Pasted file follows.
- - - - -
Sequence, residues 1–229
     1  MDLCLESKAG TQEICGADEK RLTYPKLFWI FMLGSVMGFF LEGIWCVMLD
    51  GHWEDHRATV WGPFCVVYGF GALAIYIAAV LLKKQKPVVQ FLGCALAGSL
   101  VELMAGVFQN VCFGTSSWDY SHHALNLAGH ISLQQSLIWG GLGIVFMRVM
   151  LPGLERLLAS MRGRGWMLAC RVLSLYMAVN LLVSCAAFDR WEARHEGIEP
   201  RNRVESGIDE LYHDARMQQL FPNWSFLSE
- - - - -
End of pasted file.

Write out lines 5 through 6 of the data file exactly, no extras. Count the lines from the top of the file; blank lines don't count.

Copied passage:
   151  LPGLERLLAS MRGRGWMLAC RVLSLYMAVN LLVSCAAFDR WEARHEGIEP
   201  RNRVESGIDE LYHDARMQQL FPNWSFLSE